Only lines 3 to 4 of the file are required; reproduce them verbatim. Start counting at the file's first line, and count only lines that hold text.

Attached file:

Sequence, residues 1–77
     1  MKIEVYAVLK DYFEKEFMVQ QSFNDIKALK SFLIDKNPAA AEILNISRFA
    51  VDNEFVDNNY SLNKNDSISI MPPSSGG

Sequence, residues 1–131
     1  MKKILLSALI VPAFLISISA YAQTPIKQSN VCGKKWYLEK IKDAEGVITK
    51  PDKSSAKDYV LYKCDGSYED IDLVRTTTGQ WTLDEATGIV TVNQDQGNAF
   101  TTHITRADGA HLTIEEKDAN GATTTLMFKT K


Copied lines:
    51  VDNEFVDNNY SLNKNDSISI MPPSSGG

Sequence, residues 1–131